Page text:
One thing that scientists, economists and your investment advisor love doing is to draw smooth curves through carefully selected sets of noisy data and float a whole pet theory. If they’re not fudging the data when it doesn’t predict what they want, then they get a bit fanciful in their explanations as to why badly conforming data actually conforms in much the same way that politicians can convince people that a turd has a clean end. As an engineer with an interest in how the world works and having evolved many theories about it around the braai, I am not adverse to dipping my toes into the chaotic world of data and making a prediction about Russia’s future and backing that up with a sexy curve.
Executive summary: Russia’s economy is buggered.
But let’s take a step back. In 1986, The Economist introduced the concept of the Big Mac Index as a semi-humorous illustration of the Purchasing Power Parity between countries as the Big Mac is a standardised product worldwide. It encompasses a wide range of local factors in a single item such as wages, finance costs, agricultural efficiencies, property costs, etc. By and large is has proven to be an accurate assessment and you don’t have to rely on experts.
The Big Mac, together with the iconic McDonalds logo has come to represent the superiority of Western (American) culture – sloth, overconsumption, hype and instant gratification amongst others – and helped establish Western hegemony over large parts of the world. Before 1990 though, one place that definitely didn’t have a McDonalds was Russia. Glasnost (openness) changed all that. The first McDonalds restaurant opened in Moscow in 1990 and people queued for up to three hours to get a taste of freedom. The old Russian joke of what has 500 legs but doesn’t move (a Russian bread queue) had to be updated. This was hugely symbolic as it was the first time Russia had given the West a bear hug since 1917. Now however, with Russia treating Ukraine like a McDonalds Drive-Thru, McDonalds has shuttered all 850 of its outlets in Russia. It might be a symbolic gesture or just a hard-nosed realisation by management that Russians won’t be able to afford them in the future and they might as well get some good PR out of it.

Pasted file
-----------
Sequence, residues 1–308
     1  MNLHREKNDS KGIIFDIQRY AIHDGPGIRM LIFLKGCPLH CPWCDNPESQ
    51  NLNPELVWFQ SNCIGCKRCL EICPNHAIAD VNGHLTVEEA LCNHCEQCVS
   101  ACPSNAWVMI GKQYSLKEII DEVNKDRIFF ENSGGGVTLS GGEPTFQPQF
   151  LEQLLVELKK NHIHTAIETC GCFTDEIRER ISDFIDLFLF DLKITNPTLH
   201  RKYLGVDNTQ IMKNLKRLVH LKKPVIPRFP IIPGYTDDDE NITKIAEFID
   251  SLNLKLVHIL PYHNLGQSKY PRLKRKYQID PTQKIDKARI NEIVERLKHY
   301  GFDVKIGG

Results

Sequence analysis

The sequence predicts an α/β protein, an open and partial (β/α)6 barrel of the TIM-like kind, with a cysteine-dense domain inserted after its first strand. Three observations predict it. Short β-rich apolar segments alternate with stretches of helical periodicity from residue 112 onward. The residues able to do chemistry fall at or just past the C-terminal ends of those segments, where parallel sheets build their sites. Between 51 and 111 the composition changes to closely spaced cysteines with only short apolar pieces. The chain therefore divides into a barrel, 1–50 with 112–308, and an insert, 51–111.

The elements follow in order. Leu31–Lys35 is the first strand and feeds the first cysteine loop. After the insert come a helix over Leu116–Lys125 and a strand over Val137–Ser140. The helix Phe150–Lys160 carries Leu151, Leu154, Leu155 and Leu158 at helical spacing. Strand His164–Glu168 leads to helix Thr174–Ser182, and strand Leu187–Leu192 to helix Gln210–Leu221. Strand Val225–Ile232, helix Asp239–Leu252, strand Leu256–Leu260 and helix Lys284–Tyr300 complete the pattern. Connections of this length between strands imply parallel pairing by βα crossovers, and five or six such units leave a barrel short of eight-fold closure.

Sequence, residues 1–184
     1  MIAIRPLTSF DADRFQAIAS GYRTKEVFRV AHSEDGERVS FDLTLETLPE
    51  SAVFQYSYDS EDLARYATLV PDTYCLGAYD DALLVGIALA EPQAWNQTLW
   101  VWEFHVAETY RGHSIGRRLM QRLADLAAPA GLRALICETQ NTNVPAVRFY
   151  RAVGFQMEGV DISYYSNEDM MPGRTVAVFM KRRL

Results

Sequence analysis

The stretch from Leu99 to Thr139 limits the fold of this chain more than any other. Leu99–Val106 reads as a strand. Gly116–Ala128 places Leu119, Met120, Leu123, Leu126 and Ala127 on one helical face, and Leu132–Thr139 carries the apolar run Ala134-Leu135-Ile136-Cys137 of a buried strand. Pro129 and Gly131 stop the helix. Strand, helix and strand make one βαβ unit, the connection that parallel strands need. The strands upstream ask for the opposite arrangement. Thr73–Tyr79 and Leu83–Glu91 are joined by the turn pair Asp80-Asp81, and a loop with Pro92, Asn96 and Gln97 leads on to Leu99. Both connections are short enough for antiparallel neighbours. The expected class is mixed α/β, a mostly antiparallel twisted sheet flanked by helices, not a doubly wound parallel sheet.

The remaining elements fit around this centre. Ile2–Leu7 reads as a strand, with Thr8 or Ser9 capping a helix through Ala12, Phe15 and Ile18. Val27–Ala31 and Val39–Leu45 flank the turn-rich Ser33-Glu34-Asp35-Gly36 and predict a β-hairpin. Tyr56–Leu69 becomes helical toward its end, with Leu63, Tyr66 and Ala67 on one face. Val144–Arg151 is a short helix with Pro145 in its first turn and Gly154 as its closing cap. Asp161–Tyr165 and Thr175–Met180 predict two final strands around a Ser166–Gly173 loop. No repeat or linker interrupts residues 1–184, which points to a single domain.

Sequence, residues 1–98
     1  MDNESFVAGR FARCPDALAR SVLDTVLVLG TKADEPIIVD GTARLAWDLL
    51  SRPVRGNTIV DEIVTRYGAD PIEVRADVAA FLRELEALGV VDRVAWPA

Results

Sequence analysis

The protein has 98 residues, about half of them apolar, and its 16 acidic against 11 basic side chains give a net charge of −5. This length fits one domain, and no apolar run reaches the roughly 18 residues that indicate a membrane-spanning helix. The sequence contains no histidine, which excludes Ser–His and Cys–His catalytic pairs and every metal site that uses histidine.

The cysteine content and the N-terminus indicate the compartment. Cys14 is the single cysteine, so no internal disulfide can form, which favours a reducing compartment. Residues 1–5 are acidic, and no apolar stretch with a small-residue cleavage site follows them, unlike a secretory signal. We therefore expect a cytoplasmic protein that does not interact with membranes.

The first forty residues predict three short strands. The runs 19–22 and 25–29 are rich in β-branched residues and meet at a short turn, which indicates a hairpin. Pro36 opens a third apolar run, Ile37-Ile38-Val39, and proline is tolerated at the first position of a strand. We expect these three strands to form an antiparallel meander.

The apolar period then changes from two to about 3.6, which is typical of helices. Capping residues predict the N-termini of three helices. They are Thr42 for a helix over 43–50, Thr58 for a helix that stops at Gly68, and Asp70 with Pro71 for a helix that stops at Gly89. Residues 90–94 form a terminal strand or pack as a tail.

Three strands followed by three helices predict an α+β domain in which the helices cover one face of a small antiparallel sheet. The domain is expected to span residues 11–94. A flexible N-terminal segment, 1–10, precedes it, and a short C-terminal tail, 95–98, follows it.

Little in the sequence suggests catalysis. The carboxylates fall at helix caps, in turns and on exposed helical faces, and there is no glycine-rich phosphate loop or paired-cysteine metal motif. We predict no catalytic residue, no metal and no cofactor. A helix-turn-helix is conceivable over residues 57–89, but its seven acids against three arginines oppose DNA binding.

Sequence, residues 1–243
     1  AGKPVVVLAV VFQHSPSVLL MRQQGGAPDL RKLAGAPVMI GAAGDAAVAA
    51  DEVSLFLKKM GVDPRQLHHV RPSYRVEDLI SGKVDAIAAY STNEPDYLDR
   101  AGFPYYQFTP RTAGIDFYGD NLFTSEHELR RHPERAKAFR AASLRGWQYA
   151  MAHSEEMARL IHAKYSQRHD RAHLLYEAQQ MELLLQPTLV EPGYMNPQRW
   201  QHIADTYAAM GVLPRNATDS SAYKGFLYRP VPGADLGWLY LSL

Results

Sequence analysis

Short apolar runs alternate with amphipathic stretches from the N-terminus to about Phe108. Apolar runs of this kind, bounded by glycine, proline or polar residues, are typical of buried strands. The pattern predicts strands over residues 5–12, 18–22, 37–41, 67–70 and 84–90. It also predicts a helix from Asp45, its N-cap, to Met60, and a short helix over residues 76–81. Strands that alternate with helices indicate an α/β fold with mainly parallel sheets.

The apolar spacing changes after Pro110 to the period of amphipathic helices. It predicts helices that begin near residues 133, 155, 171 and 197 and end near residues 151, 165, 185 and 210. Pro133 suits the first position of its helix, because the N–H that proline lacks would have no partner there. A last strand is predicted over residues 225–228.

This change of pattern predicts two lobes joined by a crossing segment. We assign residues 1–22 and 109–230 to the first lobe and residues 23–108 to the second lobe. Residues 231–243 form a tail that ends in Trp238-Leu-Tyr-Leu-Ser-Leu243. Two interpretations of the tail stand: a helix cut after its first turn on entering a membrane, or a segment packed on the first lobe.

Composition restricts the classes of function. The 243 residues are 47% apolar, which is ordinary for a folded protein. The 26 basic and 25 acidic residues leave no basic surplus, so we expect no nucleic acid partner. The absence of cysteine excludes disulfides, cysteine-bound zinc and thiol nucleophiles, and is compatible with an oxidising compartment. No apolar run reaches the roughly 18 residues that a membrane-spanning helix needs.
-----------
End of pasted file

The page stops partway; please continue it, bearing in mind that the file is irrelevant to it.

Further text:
This brought me to wondering if the iconic logo might be a predictor of Russia’s economy. Squinting with one eye at the image and the data in a mirror in a darkened room without my glasses, it shows a surprising correlation. The early years of opening up its economy showed it rising Phoenix-like from the cold ashes of communism with the GDP growth stabilising at above 5% for 10 years. Then, around 2008, along came the Wall Street Wankers and blew up the World’s financial system with WMDs (Weapons of Mass Destruction) like toxic CDOs (Collateralized Debt Obligations) placed inside bank vaults around the world. So far, the graphs correlate very nicely and the correlation would have continued to the second arch if Putin hadn’t invaded Ukraine by proxy in 2014. As all good theorists, discarding those years as outliers, the dotted line now shows a fair correlation to the second arch.
Having established the validity of the McDonalds model, it’s possible to make an accurate prediction – the Russian economy is going to tank like a T-72 blown up by a Ukrainian missile. I’ll have my Nobel Economics Prize now, thank you.